There Are Many Reasons ...
... as others have noted in comments. But you want some non-table or list reasons, so it seems.
With these selectors, you are concerned about the ordering of sibling elements within the html itself for the selection (this is why they are so commonly used for tables and lists, because
li elements are always siblings of one another in there respective place in tables and lists). Secondarily with these selectors you are concerned about being inclusive or exclusive of types of elements (hence the difference between
:nth-of-type; and one common misconception is that these pseudo-classes can count by some
.className, but they do not, they count by html element type: i.e.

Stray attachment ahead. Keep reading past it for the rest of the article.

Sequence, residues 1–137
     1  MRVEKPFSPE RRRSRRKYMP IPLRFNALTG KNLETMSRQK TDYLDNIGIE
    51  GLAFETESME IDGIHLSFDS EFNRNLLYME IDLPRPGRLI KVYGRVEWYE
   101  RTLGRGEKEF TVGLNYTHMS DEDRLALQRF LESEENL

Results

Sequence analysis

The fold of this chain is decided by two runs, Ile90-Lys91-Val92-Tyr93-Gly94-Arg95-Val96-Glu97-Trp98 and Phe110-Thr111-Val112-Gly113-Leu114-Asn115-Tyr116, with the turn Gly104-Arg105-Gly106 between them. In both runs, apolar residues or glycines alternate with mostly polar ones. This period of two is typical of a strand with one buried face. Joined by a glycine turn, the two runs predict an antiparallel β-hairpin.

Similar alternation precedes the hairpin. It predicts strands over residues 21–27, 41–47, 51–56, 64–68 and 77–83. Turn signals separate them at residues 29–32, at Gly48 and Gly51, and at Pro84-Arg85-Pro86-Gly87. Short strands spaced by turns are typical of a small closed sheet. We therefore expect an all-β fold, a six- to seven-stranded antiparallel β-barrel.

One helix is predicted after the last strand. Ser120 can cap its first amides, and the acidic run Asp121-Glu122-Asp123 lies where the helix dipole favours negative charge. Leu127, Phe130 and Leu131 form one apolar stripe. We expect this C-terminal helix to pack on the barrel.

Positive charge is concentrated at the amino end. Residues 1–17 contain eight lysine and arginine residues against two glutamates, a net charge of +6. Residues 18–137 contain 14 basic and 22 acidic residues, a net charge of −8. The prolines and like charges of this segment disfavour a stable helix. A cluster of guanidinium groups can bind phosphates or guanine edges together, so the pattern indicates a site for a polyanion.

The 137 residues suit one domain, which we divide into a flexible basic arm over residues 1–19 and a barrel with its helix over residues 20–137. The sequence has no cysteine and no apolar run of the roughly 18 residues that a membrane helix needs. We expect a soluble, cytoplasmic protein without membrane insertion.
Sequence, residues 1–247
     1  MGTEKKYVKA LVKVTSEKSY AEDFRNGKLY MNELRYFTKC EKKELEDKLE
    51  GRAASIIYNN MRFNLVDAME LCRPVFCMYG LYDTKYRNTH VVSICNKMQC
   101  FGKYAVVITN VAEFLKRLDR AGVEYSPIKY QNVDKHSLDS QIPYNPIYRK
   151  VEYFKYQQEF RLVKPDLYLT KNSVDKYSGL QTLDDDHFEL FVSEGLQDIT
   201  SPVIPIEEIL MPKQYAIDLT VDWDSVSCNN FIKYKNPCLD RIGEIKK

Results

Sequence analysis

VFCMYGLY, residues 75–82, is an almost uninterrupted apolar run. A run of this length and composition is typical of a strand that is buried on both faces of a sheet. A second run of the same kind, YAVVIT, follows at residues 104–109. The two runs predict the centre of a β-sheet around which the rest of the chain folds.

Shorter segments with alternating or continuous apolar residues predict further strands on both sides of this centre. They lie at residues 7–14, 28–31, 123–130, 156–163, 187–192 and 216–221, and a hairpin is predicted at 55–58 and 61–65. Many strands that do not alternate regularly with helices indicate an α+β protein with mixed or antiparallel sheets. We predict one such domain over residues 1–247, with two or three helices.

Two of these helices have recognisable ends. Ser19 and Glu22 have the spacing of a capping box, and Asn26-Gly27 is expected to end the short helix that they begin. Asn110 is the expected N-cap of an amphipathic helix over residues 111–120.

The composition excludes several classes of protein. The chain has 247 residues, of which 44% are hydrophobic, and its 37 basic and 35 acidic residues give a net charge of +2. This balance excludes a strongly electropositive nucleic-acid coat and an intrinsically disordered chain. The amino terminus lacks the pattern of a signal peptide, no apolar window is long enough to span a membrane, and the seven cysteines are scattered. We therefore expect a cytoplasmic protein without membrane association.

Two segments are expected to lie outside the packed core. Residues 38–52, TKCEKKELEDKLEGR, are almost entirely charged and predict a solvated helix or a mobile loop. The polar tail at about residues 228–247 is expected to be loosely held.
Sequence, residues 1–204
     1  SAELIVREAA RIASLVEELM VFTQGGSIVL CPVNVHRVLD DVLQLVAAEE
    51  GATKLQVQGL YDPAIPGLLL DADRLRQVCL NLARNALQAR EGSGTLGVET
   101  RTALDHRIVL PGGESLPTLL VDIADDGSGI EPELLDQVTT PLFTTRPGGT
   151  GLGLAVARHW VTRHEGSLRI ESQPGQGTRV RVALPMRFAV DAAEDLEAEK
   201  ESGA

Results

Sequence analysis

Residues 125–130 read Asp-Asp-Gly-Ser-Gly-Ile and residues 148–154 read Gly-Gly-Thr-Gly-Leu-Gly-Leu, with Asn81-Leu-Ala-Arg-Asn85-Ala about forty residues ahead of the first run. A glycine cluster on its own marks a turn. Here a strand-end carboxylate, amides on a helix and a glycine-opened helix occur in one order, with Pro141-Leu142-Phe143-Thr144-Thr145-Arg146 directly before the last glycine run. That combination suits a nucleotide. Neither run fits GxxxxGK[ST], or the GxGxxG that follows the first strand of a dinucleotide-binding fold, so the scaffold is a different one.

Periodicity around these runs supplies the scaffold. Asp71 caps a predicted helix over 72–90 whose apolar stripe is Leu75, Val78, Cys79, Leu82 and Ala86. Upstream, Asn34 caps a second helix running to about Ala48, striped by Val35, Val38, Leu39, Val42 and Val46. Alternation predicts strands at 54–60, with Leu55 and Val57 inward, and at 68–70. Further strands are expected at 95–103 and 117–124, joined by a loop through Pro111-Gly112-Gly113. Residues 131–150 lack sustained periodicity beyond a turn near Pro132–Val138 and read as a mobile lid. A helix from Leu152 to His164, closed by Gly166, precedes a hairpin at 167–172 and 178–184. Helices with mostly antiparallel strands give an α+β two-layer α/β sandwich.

<span>, etc.). In general, they allow for selection of some things when the html is not able to be modified, or structure is variable, but you desire a consistent selector.
The "why" you might want to target these is what is limitless and I cannot speculate on.
Example 1, say you want to style the second to last element in a
div, no matter what type it is (and dynamic html is being generated, so you don't even know for sure what element it may be), then your only way to access that element is
Example 2, say you want the third
h3 inside a
div. You have access to change styles but not html (so you cannot put a class on it and it does not have a class or id to target to). However, you know that this
h3 is always the third one of its type in the html, though the number of other elements around it may vary. So
h3:nth-of-type(3) allows you an ability to target that, an ability you would not have had otherwise.
I could give other scenarios (again, limitless), but if you stick with the concepts noted in "Basic Idea" you can perhaps see why they might be used.